NEW YORK (ABC News) - A group of Satanists are using the Supreme Court's Hobby Lobby decision to promote their own political initiatives -- which are the polar opposite of the Christian craft store giant.
The Supreme Court ruling allows Hobby Lobby to opt out of providing contraceptives to employees on the basis of their religious beliefs. Now, The Satanic Temple plans to cite the verdict as justification for the protection of their own beliefs.
The Satanic Temple, a religious group based in New York but with followers across the country, is using the ruling to fight informed consent laws which mandate that women considering abortions must be given state-approved literature about the procedure.
Where they exist, informed consent laws differ by state, with some requiring women to watch videos or read information of varying amounts of time before scheduling their procedures.
"We should only have to review medical or scientific information based solely on fact and not politicized," said Jex Blackmore, the head of the Detroit chapter of The Satanic Temple. "Some of that state-drafted information is medical in nature [but] it's just that it's written in a very biased format."
The group announced the initiative last week and have provided a form letter intended to enable women to opt-out of receiving the pamphlets distributed under the informed consent laws. They contend that the informed consent pamphlets run counter to their religious beliefs. Women are able to print off the opt-out form, fill it out and hand it to their doctor. If the doctor still gives them the state-mandated forms in spite of the letter, The Satanic Temple says it will file a lawsuit on their behalf.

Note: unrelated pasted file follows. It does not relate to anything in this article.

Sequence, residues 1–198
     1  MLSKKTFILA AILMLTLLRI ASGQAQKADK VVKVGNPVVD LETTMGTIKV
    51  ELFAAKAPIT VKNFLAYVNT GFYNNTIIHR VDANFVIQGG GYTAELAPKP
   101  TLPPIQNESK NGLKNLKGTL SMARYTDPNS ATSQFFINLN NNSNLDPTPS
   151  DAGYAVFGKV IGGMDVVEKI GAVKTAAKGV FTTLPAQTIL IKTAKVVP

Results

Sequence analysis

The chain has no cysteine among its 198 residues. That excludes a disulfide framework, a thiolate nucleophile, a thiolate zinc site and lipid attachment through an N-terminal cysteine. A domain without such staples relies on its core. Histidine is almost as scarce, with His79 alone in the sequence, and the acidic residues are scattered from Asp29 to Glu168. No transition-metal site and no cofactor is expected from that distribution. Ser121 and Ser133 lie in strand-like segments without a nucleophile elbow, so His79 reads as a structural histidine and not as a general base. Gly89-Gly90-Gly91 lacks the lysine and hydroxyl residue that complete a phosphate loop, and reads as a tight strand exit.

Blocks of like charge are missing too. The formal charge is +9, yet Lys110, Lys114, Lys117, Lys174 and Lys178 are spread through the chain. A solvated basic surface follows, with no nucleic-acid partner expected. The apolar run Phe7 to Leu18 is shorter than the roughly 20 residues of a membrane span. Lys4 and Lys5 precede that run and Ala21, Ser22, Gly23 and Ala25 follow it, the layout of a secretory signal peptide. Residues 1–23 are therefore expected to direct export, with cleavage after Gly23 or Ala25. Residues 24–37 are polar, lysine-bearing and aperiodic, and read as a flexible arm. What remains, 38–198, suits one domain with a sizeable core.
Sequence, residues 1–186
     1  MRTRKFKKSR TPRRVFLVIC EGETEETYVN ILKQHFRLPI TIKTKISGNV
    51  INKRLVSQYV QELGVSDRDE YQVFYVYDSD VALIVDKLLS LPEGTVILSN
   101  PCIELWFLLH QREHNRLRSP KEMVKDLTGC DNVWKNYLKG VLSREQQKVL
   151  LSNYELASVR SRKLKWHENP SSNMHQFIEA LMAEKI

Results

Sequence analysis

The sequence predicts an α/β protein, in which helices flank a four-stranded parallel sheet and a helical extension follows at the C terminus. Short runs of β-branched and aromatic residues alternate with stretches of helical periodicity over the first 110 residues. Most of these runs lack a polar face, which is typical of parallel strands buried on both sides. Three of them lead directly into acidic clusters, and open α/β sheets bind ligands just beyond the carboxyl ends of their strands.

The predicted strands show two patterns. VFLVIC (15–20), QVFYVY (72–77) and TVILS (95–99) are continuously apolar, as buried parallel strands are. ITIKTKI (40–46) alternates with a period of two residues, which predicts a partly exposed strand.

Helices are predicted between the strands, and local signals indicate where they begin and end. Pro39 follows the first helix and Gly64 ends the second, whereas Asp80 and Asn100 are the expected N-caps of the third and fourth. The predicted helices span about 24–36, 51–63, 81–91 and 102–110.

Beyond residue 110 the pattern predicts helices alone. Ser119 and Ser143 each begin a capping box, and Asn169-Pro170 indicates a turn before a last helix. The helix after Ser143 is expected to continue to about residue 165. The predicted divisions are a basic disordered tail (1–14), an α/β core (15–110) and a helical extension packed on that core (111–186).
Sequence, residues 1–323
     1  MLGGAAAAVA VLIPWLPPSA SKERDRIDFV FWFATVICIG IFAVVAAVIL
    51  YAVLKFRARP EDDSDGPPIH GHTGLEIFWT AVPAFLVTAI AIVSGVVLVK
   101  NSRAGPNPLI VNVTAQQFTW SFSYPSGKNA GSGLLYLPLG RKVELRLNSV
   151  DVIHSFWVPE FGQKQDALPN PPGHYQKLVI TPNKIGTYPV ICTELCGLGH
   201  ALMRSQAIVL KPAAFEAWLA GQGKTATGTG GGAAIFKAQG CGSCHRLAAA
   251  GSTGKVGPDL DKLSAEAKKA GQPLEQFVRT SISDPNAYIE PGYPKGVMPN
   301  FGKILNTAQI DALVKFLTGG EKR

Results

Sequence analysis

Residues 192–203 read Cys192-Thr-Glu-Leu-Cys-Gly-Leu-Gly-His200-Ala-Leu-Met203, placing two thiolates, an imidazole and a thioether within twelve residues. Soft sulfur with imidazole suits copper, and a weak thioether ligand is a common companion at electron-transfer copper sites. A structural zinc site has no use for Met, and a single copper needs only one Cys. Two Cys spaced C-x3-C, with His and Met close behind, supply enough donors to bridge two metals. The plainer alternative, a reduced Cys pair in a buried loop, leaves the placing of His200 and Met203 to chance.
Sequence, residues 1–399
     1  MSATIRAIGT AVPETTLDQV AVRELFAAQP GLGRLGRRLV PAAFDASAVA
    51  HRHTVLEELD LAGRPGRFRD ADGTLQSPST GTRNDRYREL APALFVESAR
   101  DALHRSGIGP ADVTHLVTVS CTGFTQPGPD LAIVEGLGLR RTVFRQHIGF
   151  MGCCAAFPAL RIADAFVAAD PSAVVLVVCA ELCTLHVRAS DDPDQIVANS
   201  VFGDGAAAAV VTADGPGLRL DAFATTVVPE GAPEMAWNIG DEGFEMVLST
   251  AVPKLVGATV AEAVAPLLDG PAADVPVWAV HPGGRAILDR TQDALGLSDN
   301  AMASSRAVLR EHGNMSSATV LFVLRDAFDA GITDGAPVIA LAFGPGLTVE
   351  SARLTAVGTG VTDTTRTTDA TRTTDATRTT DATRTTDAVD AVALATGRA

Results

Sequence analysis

Blackmore said they have not filed any such suits since the initiative was launched.
"It's an opening statement, as it were," W. James MacNaughton, The Satanic Temple's attorney, told ABC. "It's a statement from the patient to the physician and to the world at large that 'here's my position, here's what i believe'. actually going to court and picking the test case actually depends on the facts. At this stage, we don't know who that will be."
The Satanic Temple remains a mystery to many but their spokesman Lucien Greaves told ABC News that they have gained 10,000 members in the past year and a half. They gained notoriety earlier this year when they pushed for a 7-foot Satanic statue to be approved to stand alongside a 10 Commandments monument at the Oklahoma State Capital. The statue is under construction.
Cardozo School of Law professor Marci Hamilton, who has written extensively about the Religious Freedom Restoration Act (RFRA), said that The Satanic Temple's plan to use the Hobby Lobby ruling as the basis for their initiative could be effective if and when they bring a lawsuit to the courts.
"This was inevitable," Hamilton told ABC News. "This is following exactly on that line of thinking that a regulation that impedes the ability of the believer to practice that religion is going to be challenged."
She said that an important distinction to keep in mind is that both the Hobby Lobby decision and The Satanic Temple's initiative both rely on RFRA, which helps individuals fight laws that counter their religious beliefs, as opposed to the First Amendment of the Constitution.
RFRA was passed in 1993 and adds more protections than the Constitution lays out for religious freedom. A number of legal experts, including Hamilton, believe RFRA is unconstitutional. In her view, Hamilton believes RFRA caused "this wave of extreme religious liberty that is untethered from the constitution."
"For those of us who have been working on RFRA issues for two decades... inevitably it was going to be groups that raised claims that made either ordinary Americans or the far right find uncomfortable," Hamilton said.
When it comes to fighting any lawsuits that The Satanic Temple brings forward regarding informed consent laws, it appears that the devil is truly in the details.
"It really puts the conservative Christians and the anti-contraceptive Catholics in a bind: They're going to have to argue that a religious group should lose a RFRA claim that is on par with the Hobby Lobby claim," Hamilton said.
"The courts cant pick and choose between beliefs."